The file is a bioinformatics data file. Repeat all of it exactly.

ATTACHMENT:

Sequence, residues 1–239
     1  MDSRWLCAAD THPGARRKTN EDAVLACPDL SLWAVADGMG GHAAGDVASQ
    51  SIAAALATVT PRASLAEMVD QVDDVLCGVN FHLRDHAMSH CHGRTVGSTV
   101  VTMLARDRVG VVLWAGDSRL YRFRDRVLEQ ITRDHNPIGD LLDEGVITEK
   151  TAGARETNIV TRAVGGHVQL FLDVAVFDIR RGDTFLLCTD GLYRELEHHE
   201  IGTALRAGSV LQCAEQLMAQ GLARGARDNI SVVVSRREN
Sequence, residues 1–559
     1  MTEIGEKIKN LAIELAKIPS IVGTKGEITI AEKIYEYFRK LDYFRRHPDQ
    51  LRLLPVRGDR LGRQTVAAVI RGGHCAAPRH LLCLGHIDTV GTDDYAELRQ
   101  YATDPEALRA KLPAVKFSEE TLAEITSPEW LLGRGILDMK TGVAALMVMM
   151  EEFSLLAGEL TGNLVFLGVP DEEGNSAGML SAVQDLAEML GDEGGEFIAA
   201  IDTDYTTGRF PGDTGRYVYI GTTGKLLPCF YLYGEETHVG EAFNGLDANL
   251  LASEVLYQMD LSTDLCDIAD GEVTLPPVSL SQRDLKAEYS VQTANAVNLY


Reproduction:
Sequence, residues 1–239
     1  MDSRWLCAAD THPGARRKTN EDAVLACPDL SLWAVADGMG GHAAGDVASQ
    51  SIAAALATVT PRASLAEMVD QVDDVLCGVN FHLRDHAMSH CHGRTVGSTV
   101  VTMLARDRVG VVLWAGDSRL YRFRDRVLEQ ITRDHNPIGD LLDEGVITEK
   151  TAGARETNIV TRAVGGHVQL FLDVAVFDIR RGDTFLLCTD GLYRELEHHE
   201  IGTALRAGSV LQCAEQLMAQ GLARGARDNI SVVVSRREN
Sequence, residues 1–559
     1  MTEIGEKIKN LAIELAKIPS IVGTKGEITI AEKIYEYFRK LDYFRRHPDQ
    51  LRLLPVRGDR LGRQTVAAVI RGGHCAAPRH LLCLGHIDTV GTDDYAELRQ
   101  YATDPEALRA KLPAVKFSEE TLAEITSPEW LLGRGILDMK TGVAALMVMM
   151  EEFSLLAGEL TGNLVFLGVP DEEGNSAGML SAVQDLAEML GDEGGEFIAA
   201  IDTDYTTGRF PGDTGRYVYI GTTGKLLPCF YLYGEETHVG EAFNGLDANL
   251  LASEVLYQMD LSTDLCDIAD GEVTLPPVSL SQRDLKAEYS VQTANAVNLY